• As illustrated in FIG. 1, a capacitive touchscreen system 110 typically consists of an underlying LCD or OLED display 112, an overlying touch-sensitive panel or touchscreen 90, a protective cover or dielectric plate 95 disposed over the touchscreen 90, and a touchscreen controller, micro-processor, application specific integrated circuit (“ASIC”) or CPU 100.
  • FIG. 2 shows a block diagram of an Avago Technologies™ AMRI-5000 ASIC or chip 100, which is a low-power capacitive touch-panel controller designed to provide a touchscreen system with high-accuracy, on-screen navigation. Capacitive touchscreens 90 can be formed by applying a conductive material such as Indium Tin Oxide (ITO) to the surface(s) of a dielectric plate, which typically comprises glass, plastic or another suitable electrically insulative and preferably optically transmissive material, and which is usually configured in the shape of an electrode grid. The capacitance of the grid holds an electrical charge, and touching the panel with a finger presents a circuit path to the user's body, which creates a disruption. The touchscreen controller 100 senses and analyzes the coordinates of these disruptions. When the touchscreen 90 is affixed to a display with a graphical user interface, on-screen navigation is possible by tracking the touch coordinates. Often it is necessary to detect multiple touches. The size of the grid is driven by the desired resolution of the touches. Typically there is an additional cover plate 95 to protect the top ITO layer of touchscreen 90 to form a complete touch screen solution (see, e.g., FIG. 1).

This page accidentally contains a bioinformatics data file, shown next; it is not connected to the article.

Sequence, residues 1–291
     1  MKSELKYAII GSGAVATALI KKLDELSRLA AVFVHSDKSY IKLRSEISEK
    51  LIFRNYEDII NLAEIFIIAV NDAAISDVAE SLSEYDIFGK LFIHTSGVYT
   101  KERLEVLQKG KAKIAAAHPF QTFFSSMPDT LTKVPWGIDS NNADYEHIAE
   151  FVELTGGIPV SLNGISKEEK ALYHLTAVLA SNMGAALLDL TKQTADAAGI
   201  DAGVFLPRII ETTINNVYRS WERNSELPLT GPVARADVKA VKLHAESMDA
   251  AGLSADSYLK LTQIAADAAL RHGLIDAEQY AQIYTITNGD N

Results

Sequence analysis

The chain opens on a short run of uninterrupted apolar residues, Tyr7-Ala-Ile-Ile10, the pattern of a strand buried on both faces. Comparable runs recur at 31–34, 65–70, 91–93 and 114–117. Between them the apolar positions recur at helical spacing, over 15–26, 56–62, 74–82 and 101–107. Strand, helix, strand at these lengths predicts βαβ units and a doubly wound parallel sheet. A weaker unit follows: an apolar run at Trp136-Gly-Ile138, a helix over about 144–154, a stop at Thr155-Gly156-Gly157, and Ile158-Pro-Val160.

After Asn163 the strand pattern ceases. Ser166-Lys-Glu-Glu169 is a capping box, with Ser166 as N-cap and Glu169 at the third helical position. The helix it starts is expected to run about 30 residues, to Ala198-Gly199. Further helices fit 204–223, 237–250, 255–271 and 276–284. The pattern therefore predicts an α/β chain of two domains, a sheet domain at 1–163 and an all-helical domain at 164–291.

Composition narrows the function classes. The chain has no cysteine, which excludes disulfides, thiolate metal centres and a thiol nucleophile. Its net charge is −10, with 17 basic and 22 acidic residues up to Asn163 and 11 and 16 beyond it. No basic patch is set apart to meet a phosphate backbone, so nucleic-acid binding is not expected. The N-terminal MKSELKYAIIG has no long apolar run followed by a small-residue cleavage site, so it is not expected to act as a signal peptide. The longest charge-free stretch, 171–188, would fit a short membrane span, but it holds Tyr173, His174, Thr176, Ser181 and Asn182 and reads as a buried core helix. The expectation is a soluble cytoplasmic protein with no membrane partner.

• One way to create a touchscreen 90 is to apply an ITO grid on one side only of a dielectric plate or substrate. When the touchscreen 90 is mated with a display there is no need for an additional protective cover. This has the benefit of creating a thinner display system with improved transmissivity (>90%), enabling brighter and lighter handheld devices. Applications for the AMRI-5000 chip include, but are not limited to, smart phones, portable media players, mobile internet devices (MIDs), and GPS devices.
  • Referring now to FIGS. 3 and 4, in one embodiment the AMRI-5000 touchscreen controller 100 includes an analog front-end with 9 drive signal lines and 16 sense lines connected to an ITO grid on a touchscreen. The controller 100 applies an excitation square wave to the drive electrodes that may have a frequency selected from a range between about 40 kHz and about 200 kHz. The AC signal is coupled to the sense lines via mutual capacitance. Touching the panel 90 with a finger alters the capacitance at the location of the touch. The AMRI-5000 controller 100 can resolve and track multiple touches simultaneously. A high refresh rate allows the host to track rapid touches and any additional movements without appreciable delay. The embedded processor filters the data, identifies the touch coordinates and reports them to the host. The embedded firmware can be updated via patch loading.